After only a few hours of sleep Bruce awakens with a feeling he usually associates with beginning a day when he has something exciting or risky planned. In fact, it's the beginning of an end of summer holiday weekend and he has nothing planned.

He gets up from his bed in the dark and puts on water for coffee. Then sits down in front of a long wood table and gazes out through an oversized window. Predawn light stirs in through trees and scribbles dark lines onto walls in back of him. Outside, a sullen mist hovers between the first line of tree limbs and the earth. Bruce smiles, enjoying the way the wildly overgrown landscape sits free here. And continues to smile as a soft ray of light prisms through a crystal hanging in the window and cuts a rainbow across his face and bare shoulders.

God, how he loves this place. It's easy, unobtrusive fix with the land, and intentionally simple, lighthearted layout. His private and personal oasis, secluded, simple -- non-threatening to any thing or any one -- and yet at the same at odds with everything else that’s going on out there.

Bruce closes his eyes and prays that his simple actions taken here at odds with the prevailing flow might somehow fuse with others in order to stop what's going on and allow for something different and better to happen. Or, if his actions and wishes are not enough to help provoke change, then he hopes his prayers will reward him with Grace: a smooth, fortunate, unnoticed life. Bruce closes his eyes and mumbles a Lakota prayer for the skill and luck to be able to become invisible when the circumstances warrant.

On that note, he tells himself that it is time to turn his prayers into action and take care of business before the sun comes up any further. Then he smiles in a way that is an answer to his own thoughts. A self-contained smile that just hovers on his face. He had not provoked its appearance by practicing some rigorous spiritual exercise, nor did it appear after something unexpectedly fortunate happened. It had simply shown up one day; coming on its own, in its own time.

The smile mirrored a profound change in the tone of the voice that moderates Bruce’s inner-feelings and dialogue. Its appearance reflects an ongoing internal process of allowing a distinctly more accepting and accommodating voice to replace a plethora of persnickety self-critical ones Even though all the voices are still stubbornly vying for his attention, the softer one is becoming dominant; hence, the smile.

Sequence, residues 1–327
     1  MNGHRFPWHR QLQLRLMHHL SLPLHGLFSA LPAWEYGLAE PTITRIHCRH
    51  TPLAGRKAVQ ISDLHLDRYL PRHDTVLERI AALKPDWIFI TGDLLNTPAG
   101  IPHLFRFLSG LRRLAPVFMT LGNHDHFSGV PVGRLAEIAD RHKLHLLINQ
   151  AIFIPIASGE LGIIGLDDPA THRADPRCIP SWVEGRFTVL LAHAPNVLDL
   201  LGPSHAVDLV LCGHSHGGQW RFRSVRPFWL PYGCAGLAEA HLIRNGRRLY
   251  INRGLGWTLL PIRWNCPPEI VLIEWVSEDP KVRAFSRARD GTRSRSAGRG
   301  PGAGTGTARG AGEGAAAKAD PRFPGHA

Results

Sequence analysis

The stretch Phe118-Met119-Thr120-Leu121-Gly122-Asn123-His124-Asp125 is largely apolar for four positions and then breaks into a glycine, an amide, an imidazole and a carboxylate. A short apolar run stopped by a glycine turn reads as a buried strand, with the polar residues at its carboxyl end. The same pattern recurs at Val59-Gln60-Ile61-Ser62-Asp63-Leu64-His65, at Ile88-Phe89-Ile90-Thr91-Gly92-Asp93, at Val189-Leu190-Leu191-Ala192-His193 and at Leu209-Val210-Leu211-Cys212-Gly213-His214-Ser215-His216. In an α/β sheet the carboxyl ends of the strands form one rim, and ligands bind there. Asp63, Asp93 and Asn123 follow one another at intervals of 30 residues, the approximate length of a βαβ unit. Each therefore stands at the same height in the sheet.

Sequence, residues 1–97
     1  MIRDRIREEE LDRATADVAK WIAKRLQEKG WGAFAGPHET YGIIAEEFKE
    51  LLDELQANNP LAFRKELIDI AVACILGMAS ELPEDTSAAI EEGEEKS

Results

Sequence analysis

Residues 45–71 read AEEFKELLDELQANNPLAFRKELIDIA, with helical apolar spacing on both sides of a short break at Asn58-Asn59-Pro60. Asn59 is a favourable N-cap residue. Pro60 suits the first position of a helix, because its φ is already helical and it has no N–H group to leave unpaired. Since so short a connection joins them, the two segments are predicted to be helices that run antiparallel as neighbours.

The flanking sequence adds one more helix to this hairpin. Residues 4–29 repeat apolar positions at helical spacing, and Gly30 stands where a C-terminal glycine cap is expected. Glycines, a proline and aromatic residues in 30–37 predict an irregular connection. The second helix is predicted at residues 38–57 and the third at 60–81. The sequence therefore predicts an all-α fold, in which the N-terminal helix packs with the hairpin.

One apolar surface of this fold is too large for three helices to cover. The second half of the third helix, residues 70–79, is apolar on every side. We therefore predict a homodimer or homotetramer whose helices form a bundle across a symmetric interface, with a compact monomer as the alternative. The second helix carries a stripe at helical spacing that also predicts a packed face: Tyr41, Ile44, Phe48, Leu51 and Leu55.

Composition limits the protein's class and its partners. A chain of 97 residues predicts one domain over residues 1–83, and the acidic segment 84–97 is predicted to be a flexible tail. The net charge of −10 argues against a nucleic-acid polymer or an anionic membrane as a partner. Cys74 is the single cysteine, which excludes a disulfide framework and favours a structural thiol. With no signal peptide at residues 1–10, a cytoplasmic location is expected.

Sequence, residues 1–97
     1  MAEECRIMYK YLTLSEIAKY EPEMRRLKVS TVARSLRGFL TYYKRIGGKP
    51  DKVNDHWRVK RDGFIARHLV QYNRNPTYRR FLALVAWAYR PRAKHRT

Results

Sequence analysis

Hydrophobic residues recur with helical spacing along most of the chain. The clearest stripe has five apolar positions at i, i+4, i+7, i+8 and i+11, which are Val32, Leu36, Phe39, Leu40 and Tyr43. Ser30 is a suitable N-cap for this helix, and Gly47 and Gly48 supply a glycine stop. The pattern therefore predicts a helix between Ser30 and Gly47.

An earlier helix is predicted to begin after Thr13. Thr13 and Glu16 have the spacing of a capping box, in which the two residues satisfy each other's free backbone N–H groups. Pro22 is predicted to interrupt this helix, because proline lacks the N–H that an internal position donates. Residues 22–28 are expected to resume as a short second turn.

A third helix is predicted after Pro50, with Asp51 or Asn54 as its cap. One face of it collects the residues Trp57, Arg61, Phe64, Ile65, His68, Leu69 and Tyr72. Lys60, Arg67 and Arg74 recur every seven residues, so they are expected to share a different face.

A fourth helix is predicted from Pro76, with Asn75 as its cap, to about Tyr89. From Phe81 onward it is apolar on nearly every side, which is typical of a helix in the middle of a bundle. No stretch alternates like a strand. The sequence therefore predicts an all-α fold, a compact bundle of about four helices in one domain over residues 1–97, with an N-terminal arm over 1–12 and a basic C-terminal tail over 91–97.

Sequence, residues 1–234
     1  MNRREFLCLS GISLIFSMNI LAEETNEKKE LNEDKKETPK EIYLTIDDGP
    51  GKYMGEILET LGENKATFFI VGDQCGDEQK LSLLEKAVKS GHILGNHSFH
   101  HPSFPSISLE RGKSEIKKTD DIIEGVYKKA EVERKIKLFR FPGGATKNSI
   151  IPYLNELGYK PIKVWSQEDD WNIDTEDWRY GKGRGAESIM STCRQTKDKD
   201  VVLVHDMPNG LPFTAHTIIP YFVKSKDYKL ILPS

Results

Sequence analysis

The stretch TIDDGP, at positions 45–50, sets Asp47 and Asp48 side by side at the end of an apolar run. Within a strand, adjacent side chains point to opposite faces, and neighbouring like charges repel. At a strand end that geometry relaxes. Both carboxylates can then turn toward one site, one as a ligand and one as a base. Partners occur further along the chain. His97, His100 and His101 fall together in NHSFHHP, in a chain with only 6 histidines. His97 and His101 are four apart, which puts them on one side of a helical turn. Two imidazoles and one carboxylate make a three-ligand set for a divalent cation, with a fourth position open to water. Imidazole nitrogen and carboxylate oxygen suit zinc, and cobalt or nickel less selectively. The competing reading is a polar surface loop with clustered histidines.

Bruce looks up grinning, knowing that this newfound smile often disarms others. They don’t know if he is smiling at them, with them, or at something or someone else entirely. Accompanying the smile is a willingness on the part of Bruce to be alone in order to understand these kinds of things about him, which only further perplexed people close to him.

`Though perhaps they are just concerned about you,' this new voice of moderation tells him, ‘or envious of it.' Bruce peers out the window at the sky brightening and the voice advises him to get to work and not to worry about what other people are thinking. It doesn't matter.

Bruce likes that, so he nods his head agreeably and smiles at nothing like one would to a perfect sunset or new lover.

The small house Bruce is residing in is the former servant’s quarters for the main house on this five acres of land set near the top of a hill. The thought of the word servant rocks Bruce’s imagination. It’s hard for him to comprehend how people could have agreed to be called that, or why others would want to do so. Bruce fancies himself a historian of the anecdotal bent. He learned from the present title-holder of the main house that the land and house were originally owned by a small family who founded a textile factory outside of Philadelphia. The people who lived where he does now took care of the family’s meals, cleaning, and children. So in Bruce’s mind they were workers, hired hands, not servants.

The person now occupying the main house is a friend of Bruce who recently divorced a successful businessman after he ran off with another woman. She received a generous settlement and put it into acquiring this place. She invited Bruce to rent the small house on the property in order to have a man around – she’d been living here alone with two teenage daughters – and to also have someone here whom she hoped would take an interest in the property and help her tend it.

Bruce took a strong interest in, and liking, to the property – but as it is. Between lulls in her dysfunctional relationships with other middle-age divorcees, and after her daughters were asleep, she’d come by the servants quarters and help herself to Bruce, sliding around and gulping on him. Afterward, she’d invariably prod him to try to do some ‘landscaping’. Bruce tried, but could not bring himself to do anything more than pull a weed here and there that was choking a flower.

‘Hell,’ Bruce protests, gazing out the window at tall grass intermingling with same-sized weeds, ‘I make my living – such as it is – from weeds…’.

On that note, Bruce decides once again that it’s time to get on with what he got up so early to do. For some reason he hasn’t quite figured out yet, there’s a section of false flooring in the main room of this small house with an earthen storage space below it. The main room of the house includes its kitchenette. Bruce is aware that people in this neck of the woods prided themselves on preserving fruits and vegetables from spring through winter, so he guesses that it was used for storing jams, preserves and blanched vegetables. Whatever its original purpose might have been, the underground storage space that remains cool and moist year round, and is hidden from view, suits Bruce’s present needs impeccably.